Kusserow on Compliance: Exit interviews, another important compliance communication channel

In the HHS Office of Inspector General’s (OIG’s) compliance guidance, the agency calls for the development of effective lines of communication with employees. The OIG notes that an open line of communication between the compliance officer and personnel is very important to the successful implementation of a compliance program and the reduction of any potential for fraud, abuse, and waste. High on the list of channels that organizations are encouraged to implement is the use of hotlines (including anonymous hotlines). However, the agency stresses the importance of other channels such as e-mails, written memoranda, newsletters, and other forms of information exchange to maintain these open lines of communication as well. The major purpose of these lines of communications is to learn about business practices and conditions in the workplace, particularly those that might result in wrongful acts. Yet, one very significant channel of communication not cited in any of the OIG’s compliance guidance documents is the use of exit interviews to debrief departing employees prior to their departure.

Many organizations conduct employee exit interviews (also called exit surveys) to gather data for improving working conditions and retaining employees. This has been common in human resource management for generations and this type of communication can be useful in taking actions to correct deficiencies, reduce turnover, identify potential compliance-related problems, and maintain a productive work environment.

Now, changes in the regulatory landscape have underscored other reasons for exit interview programs. Among the more significant factors bearing on this point have been the recent Supreme Court decisions regarding unlawful harassment that stated organizations will not be permitted to raise an affirmative defense unless they have taken certain affirmative steps to seek out potential development of a hostile work environment. Hotlines, as well as exit interviews, can be used to provide an employee with the means and opportunity to register a report on hostile work environment issues, such as sexual harassment, retaliation, abusive practices, discrimination, etc.

A second major factor influencing the advancement of exit interviews has been the rise in the number of whistleblowers. These individuals have been encouraged by a variety of means, not the least of which has been the qui tam provision of the False Claims Act (FCA). At this time an average of one allegation a day relating to health care providers is being registered with the Department of Justice (DOJ). Therefore, it is doubly important to debrief those leaving and include in that process questioning about any fraudulent or wrongful activity they observed or suspected so that early intervention can address that risk.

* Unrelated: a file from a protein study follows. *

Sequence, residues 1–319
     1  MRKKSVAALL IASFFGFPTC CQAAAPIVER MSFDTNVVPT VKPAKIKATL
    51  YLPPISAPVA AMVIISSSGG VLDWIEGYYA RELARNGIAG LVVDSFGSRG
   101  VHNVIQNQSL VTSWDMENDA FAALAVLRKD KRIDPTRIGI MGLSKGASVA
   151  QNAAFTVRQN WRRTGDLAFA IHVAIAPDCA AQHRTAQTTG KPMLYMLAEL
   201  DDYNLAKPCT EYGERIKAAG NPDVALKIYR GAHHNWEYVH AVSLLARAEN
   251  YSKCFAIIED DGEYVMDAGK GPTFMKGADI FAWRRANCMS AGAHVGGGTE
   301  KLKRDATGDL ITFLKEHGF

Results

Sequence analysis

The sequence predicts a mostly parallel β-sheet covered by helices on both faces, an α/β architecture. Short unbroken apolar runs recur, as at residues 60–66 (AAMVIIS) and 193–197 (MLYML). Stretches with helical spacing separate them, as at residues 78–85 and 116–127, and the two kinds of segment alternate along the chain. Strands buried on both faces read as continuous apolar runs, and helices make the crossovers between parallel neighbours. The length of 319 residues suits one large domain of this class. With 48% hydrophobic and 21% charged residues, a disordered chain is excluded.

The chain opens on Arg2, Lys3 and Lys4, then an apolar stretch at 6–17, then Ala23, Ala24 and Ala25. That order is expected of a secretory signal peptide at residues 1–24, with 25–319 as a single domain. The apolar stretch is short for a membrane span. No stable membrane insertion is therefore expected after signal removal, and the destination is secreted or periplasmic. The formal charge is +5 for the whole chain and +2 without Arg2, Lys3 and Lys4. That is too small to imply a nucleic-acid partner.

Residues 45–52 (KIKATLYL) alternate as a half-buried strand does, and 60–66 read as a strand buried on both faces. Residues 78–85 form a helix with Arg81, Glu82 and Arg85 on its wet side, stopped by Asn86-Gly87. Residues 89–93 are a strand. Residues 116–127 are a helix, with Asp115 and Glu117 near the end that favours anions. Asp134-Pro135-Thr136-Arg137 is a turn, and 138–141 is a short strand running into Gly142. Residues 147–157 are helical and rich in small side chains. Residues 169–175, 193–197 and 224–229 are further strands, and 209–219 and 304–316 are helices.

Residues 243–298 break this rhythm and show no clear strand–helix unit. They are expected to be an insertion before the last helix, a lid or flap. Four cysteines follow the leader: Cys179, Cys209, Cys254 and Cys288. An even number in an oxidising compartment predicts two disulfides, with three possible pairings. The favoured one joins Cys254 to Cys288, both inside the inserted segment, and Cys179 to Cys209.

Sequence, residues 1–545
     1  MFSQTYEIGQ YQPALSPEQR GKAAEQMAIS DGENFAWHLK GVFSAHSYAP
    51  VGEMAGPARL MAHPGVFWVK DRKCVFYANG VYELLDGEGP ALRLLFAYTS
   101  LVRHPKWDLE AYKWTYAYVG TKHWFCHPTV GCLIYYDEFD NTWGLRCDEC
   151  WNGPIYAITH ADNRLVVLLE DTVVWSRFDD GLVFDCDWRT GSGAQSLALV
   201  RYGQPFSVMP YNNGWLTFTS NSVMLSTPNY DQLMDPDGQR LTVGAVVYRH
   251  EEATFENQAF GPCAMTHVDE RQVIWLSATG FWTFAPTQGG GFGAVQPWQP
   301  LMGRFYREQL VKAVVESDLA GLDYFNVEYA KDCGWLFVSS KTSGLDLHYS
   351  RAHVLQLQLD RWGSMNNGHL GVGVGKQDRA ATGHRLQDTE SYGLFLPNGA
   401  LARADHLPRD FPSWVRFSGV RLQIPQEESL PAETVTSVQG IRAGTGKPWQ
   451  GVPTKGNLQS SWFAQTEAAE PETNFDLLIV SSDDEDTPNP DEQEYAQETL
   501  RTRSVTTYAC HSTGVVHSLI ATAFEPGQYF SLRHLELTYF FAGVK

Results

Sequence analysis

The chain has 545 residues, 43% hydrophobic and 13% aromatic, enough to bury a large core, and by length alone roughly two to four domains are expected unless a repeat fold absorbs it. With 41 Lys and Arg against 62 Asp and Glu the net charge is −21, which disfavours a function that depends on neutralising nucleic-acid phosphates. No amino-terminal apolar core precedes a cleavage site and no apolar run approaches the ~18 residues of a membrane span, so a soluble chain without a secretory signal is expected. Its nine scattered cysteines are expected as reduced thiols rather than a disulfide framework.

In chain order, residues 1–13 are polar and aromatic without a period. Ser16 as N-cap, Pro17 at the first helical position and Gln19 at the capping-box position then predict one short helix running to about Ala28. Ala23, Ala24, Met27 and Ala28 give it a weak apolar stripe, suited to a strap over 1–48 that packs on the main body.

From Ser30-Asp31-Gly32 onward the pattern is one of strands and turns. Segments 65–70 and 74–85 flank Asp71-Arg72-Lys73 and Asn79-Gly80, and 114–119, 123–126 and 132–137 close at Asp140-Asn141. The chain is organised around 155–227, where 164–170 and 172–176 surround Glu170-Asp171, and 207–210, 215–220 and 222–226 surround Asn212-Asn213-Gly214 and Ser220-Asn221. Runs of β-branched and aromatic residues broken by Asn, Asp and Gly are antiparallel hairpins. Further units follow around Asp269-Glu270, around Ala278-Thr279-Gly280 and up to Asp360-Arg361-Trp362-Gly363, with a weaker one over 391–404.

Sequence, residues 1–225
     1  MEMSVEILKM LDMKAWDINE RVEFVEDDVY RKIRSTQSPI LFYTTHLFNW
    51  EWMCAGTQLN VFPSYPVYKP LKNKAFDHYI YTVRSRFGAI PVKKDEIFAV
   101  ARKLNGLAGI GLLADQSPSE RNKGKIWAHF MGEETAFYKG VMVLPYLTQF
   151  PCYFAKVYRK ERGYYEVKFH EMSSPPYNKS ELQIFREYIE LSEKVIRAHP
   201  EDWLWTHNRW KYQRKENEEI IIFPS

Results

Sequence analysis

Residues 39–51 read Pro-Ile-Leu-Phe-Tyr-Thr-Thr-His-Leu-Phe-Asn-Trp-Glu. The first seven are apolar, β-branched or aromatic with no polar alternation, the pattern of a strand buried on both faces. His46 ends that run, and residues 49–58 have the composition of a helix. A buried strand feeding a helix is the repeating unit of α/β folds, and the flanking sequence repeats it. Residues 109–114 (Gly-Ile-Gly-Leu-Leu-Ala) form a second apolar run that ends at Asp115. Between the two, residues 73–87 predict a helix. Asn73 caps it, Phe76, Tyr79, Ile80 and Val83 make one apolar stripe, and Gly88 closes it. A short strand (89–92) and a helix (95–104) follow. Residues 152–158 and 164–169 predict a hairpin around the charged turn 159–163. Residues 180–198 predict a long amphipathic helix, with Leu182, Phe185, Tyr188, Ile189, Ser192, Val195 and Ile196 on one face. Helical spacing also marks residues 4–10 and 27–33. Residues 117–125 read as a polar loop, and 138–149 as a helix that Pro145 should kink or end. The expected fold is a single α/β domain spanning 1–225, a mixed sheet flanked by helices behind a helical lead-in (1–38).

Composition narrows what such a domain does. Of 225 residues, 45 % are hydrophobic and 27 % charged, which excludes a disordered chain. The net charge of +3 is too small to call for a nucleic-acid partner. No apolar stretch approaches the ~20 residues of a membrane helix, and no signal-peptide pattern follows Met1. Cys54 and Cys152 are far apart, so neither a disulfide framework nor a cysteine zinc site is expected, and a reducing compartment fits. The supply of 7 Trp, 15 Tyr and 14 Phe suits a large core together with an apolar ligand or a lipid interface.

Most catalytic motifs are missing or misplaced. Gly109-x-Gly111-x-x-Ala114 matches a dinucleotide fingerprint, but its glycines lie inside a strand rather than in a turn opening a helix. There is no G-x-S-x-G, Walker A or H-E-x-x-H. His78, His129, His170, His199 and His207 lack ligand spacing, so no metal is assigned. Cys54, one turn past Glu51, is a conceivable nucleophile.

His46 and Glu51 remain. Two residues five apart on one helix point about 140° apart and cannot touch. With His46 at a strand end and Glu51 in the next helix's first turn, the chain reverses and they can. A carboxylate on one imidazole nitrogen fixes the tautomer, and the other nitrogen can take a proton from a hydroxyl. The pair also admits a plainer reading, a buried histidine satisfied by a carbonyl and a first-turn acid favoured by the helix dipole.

The objectives and processes of an exit interview program can be expanded to include assisting employers to avoid costly litigation down the road, caused by disgruntled employees. Optimally an exit interview process should be done in time to permit possible remedial actions before the employee ends their employment.

Potential compliance benefits

  • Providing early warnings to management that something might be wrong in some operational area;
  • Deterring departing employees from becoming “whistle-blowers” after they secure new employment and are free from the fear of retaliation;
  • Providing useful operational information for management to take quick corrective actions;
  • Permitting the individual a legitimate path for redress of grievance; and
  • In many cases, assisting an organization in using their departing employee interview program as an affirmative defense to litigation.

Although this can be a very important element of any compliance program, the fact remains that the primary force for such a program will likely remain with human resource management. Further, because these departments are normally overloaded with other requirements related to departing employees, this staff often is unable or unwilling to expand this program to encompass the compliance related concerns. Some organizations encourage departing employees to call the hotline to relate their experiences with the organization.

Richard P. Kusserow served as DHHS Inspector General for 11 years. He currently is CEO of Strategic Management Services, LLC (SM), a firm that has assisted more than 3,000 organizations and entities with compliance related matters. The SM sister company, CRC, provides a wide range of compliance tools including sanction-screening.

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Copyright © 2016 Strategic Management Services, LLC. Published with permission.